What is an open listing?
What is the definition of open listings?
How does it work in real estate?
In this article, we will break down the notion of “open listing”, so you know all there is to know about it!
We will look at what is an open listing in real estate, what is the open listing meaning, how it works when looking to sell a property, we’ll look at an open listing agreement, what are the advantages and disadvantages of open listings and more!
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What is an open listing
An open listing can have two meanings:
- Property sold through multiple real estate agents in a non-exclusive way
- Property sold directly by the seller without the services of a real estate agent
In the first scenario, an open listing or open agency is a type of listing arrangement in real estate where the homeowner enters into a non-exclusive listing agreement with more than one real estate broker for the sale of a property.
In the second scenario, an open listing can also mean that a property owner is not using the services of a real estate agent to sell the property.
As a result, the property is being marketed and sold directly by the seller.
We call this a property “for sale by owner” or FSBO.
According to a National Association of Realtors report, approximately 8% of the properties sold in the United States were based on open listings.
Open listing definition
What does an open listing mean?
What is the open listing definition in real estate?
According to Century 21, an open listing is defined as:
This non-exclusive listing agreement allows the owner to secure the services of several brokers at the same time.
In other words, it’s an arrangement where a property owner can use the services of many real estate agents (without committing to any single one of them) for the sale of a property.
The open listing eliminates the exclusivity between a real estate agent and a seller.
We can also define open listings as follows:
When a real estate property owner markets and promotes the sale of property directly in the real estate market without retaining the services of a real estate agent.
In other words, the property is listed on the open market by the seller who will directly handle all aspects of the sale from the property marketing, showing, purchase offer negotiation, due diligence period and eventually closing.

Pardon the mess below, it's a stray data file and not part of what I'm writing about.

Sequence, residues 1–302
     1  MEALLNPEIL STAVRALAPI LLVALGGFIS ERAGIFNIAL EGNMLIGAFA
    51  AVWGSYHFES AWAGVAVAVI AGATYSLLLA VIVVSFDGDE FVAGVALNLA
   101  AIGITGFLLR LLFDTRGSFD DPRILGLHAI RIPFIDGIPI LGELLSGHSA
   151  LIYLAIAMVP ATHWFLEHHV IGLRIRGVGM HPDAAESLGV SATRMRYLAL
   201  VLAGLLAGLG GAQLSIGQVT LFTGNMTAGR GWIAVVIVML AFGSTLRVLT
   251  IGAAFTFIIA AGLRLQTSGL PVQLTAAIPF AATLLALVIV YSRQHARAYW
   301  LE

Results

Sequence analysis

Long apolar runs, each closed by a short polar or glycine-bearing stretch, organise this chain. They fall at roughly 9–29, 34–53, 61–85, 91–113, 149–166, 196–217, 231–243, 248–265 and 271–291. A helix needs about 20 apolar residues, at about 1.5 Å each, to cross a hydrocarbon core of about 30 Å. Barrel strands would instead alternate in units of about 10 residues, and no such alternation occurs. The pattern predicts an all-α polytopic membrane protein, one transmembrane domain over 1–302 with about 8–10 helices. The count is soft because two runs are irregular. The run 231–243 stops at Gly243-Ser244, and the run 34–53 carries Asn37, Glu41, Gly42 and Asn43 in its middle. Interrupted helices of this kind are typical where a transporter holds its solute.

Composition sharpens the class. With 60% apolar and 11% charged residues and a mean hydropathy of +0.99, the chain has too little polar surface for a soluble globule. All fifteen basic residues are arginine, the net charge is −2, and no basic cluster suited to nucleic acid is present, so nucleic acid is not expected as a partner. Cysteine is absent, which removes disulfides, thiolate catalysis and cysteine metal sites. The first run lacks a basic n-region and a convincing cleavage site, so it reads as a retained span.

How it works
How do open listings work?
Why should a seller or broker consider open listings in real estate?
There are different situations that may lead to a seller wanting to sell a property in an open fashion.
For instance, in cases when a seller has a very special property, something unique or a real estate property where many buyers are interested in purchasing (hot market), the seller will have higher negotiation leverage with the broker.
In this case, it may very well be that the only way the real estate agent can make any possible commission on the sale of the property is to accept an open listing with the seller.
You can also have a situation when a property needs to be sold very quickly, that’s when an open real estate listing may be the way to go.
Open listings in real estate may also be useful to attract potential buyers who believe they may be able to negotiate the sales price in a more favourable way knowing the seller may not have to pay a commission if the property is sold directly.
The seller may also think the same way.
The property owner may decide to be more flexible on the sales price knowing that there will be no commission to be deducted from the final purchase price.
What is an open listing agreement?
An open listing agreement is an agreement between a real estate broker and the homeowner with regards to the compensation of the broker should he or she introduce a buyer for the seller’s property.
In open listings, a seller may negotiate multiple open listing agreements with different real estate agents.
If any of them brings a client or buyer, they will get compensated in accordance with the terms of their open agency agreement.
A seller does not have to have an agreement with any agent if he or she so chooses.
On the other hand, if an agent shows up with an interested and serious buyer, the seller may negotiate the terms of a potential compensation should the real estate agent’s buyer eventually buys the property.
Exclusive right to sell listing
What is the difference between an open listing vs exclusive right to sell?
An exclusive right to sell is a type of listing agreement where the real estate owner will agree to sell his or her property exclusively through one agent.
If at any point in time the property is sold during the exclusive right to sell period, the real estate agent will earn the agreed-upon commission.
In this type of listing agreement, the real estate agent is guaranteed a commission regardless of where the buyer is coming from (whether it is the real estate agent who found the buyer or not).
This is different than open listing real estate.
In an open agreement, the seller can sell the property through a number of real estate brokers, agents, representatives or professionals.